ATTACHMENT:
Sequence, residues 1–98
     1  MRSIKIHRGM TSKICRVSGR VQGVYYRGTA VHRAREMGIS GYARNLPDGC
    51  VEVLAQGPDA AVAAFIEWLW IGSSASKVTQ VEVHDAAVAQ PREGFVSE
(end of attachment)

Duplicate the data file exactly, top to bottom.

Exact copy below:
Sequence, residues 1–98
     1  MRSIKIHRGM TSKICRVSGR VQGVYYRGTA VHRAREMGIS GYARNLPDGC
    51  VEVLAQGPDA AVAAFIEWLW IGSSASKVTQ VEVHDAAVAQ PREGFVSE